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  • Grant ends dispute between off-roaders, park users

    Jacksonville-area deal should be done in July
  • JACKSONVILLE — Land will be exchanged, off-road motorcycle riders and park users will be separated and the city will gain $684,000 in cash as a result of a grant approved by the state.
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  • JACKSONVILLE — Land will be exchanged, off-road motorcycle riders and park users will be separated and the city will gain $684,000 in cash as a result of a grant approved by the state.
    The Oregon Parks and Recreation Commission voted unanimously in Baker City Wednesday to award $684,000 to the Motorcycle Riders Association to complete the purchase of 380 acres in the city's upper watershed. The city also gains 40 acres with an improved parking site next to Forest Park in the lower watershed.
    The deal, which will happen when the money is available after July 1, follows more than a decade of sometimes contentious debate on the future of the 1,800-acre watershed. Hiking and mountain-bike trails have been created in Forest Park over the past seven years.
    "I couldn't be more thrilled. It closes the book almost," said Mayor Paul Becker, who attended the Baker City meeting with City Manager Jeff Alvis.
    "It's a win-win-win for everyone involved," said Becker. "We have been through this thing for about 11 years. Now we are beginning to see feedback from virtually everyone about how happy they are."
    MRA President Steven Croucher also attended the Baker City meeting.
    "We wanted to be on hand if they had any questions," said Croucher. But the commission, which had ranked it as the top priority for land acquisition, didn't have any.
    Money for the grant comes from taxes collected on off-road vehicle gas purchases.
    "Now some of the real works begins — to re-educate the users," said Croucher.
    The 380 acres is adjacent to a 180-acre parcel the organization purchased in the 1970s. Counting other nearby parcels, the group has just more than 700 acres in the area. Riders have been parking at the lower site and riding through the lower watershed to access the upper sites.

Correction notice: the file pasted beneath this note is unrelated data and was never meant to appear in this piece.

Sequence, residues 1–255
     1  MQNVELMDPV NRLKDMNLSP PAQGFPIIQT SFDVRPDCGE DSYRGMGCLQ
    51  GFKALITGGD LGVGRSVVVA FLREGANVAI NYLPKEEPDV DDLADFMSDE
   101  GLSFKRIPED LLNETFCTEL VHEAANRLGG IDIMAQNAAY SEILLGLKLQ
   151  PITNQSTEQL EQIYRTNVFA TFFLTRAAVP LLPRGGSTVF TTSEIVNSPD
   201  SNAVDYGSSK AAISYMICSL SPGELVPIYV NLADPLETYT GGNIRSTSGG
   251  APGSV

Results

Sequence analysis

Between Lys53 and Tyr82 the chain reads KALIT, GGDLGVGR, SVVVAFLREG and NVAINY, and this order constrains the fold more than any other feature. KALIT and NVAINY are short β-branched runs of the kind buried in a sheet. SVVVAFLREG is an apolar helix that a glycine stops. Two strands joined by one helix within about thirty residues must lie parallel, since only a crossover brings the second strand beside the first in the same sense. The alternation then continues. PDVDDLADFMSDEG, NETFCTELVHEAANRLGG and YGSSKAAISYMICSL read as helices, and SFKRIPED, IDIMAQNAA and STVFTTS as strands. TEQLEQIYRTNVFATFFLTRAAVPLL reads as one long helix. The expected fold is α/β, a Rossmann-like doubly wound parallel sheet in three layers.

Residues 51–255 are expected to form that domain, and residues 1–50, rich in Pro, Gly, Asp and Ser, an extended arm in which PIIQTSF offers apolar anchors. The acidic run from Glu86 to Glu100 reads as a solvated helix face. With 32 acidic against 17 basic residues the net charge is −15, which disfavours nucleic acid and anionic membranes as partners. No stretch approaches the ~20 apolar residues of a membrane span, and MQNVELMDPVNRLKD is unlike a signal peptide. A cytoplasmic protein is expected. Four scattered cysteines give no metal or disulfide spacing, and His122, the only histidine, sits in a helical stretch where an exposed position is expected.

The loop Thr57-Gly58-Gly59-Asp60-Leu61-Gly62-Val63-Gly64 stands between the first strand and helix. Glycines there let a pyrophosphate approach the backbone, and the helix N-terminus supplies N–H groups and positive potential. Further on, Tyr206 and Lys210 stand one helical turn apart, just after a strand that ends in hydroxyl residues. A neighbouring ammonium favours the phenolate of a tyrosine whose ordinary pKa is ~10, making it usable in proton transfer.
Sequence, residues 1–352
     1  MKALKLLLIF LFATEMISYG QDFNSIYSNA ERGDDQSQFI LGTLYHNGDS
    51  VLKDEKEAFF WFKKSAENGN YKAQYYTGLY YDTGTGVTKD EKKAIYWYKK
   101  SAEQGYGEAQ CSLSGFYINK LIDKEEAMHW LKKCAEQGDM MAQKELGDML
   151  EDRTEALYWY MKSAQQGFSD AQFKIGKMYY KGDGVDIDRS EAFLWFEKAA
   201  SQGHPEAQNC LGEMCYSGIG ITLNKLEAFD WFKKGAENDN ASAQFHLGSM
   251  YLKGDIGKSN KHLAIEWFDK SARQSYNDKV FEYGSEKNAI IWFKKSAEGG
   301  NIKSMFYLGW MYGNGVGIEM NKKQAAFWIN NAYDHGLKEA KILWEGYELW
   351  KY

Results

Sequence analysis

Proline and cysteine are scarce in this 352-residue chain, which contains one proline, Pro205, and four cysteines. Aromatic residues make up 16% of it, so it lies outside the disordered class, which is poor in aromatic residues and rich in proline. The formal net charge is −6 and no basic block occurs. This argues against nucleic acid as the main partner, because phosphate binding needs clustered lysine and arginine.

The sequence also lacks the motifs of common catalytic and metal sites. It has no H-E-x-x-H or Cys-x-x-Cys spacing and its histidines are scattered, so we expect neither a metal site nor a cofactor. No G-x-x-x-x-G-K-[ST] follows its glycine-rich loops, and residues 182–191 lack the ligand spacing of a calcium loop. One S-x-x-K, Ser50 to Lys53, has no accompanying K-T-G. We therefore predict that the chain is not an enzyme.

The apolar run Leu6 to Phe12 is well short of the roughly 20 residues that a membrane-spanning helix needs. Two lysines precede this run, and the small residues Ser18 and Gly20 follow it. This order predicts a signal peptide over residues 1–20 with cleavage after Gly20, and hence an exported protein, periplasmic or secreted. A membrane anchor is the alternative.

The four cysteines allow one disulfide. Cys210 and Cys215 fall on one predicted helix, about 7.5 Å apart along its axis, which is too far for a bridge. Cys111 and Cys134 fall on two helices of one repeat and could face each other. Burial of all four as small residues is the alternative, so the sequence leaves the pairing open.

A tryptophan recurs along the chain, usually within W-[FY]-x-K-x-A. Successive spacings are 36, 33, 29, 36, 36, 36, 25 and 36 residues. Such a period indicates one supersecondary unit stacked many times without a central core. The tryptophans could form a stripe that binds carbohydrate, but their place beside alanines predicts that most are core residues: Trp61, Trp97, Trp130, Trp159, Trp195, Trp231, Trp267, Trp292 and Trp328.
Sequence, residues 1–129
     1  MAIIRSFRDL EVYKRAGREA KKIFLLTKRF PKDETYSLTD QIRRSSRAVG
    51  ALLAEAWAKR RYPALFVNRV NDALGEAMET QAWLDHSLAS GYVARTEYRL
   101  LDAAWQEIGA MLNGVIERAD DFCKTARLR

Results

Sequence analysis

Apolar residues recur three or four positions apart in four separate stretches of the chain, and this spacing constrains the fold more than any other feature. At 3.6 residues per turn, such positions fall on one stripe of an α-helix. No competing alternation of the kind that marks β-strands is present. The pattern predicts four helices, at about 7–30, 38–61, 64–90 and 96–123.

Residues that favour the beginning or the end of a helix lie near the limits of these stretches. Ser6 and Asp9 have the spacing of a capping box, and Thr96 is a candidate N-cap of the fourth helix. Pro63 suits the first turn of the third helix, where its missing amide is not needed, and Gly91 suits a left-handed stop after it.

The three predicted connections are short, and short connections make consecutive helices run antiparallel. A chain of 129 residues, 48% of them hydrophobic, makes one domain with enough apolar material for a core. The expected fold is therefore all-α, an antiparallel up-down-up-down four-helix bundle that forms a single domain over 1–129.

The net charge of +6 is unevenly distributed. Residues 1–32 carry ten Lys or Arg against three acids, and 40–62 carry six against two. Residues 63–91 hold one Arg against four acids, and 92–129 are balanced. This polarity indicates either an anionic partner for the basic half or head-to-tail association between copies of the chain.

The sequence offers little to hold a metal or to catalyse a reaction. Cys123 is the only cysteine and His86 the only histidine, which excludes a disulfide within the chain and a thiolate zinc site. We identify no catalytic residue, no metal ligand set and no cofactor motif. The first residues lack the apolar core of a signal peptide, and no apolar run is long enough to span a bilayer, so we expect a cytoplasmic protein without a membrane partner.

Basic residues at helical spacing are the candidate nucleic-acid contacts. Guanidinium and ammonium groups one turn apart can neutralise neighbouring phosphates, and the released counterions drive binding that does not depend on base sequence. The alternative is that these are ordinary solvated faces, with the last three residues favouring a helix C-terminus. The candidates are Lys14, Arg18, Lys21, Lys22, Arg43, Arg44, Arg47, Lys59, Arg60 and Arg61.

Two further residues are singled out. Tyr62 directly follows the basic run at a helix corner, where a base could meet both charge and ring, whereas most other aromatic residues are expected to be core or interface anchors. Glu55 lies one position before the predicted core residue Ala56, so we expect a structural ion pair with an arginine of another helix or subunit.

"We have a management agreement with the city of Jacksonville. We are going to continually try to improve the road," said Croucher. The agreement also covers land management.
    "We'll also evaluate that we have enough parking available," said Croucher. "We need to make sure we can accommodate those folks.
    On a busy weekend during the winter, Croucher said, 25 to 30 vehicles may be seen in the parking lot. Activity decreases during the summer because of heat and dust, and fire restrictions preclude use.
    An impromptu trail in the area will be used initially with some minimal adjustments, said Croucher. Over the long term, the group will design and build a trail system for the site.
    Jacksonville's Budget Committee already has tentatively allocated use of much of the payment, which is going into a separate fund.
    Next year, $50,000 is designated for engineering studies on work needed on the reservoir dam in the watershed, said Becker. Another $150,000 would be set aside for dam work.
    About $300,000 of the proceeds may be used to pay off debt on a house just south of City Hall that was converted into Police Department headquarters following its purchase by the city.
    Tony Hess, a volunteer city park ranger, spoke in favor of the grant at the Baker City meeting. No one spoke against the award.
    "We look for grants that show good collaboration and provide benefit for people and provide outdoor recreation," said Chris Havell, with the Parks and Recreation Communications and Research Division.
    Tony Boom is a freelance writer living in Ashland. Reach him at tboomwriter@gmail.com.
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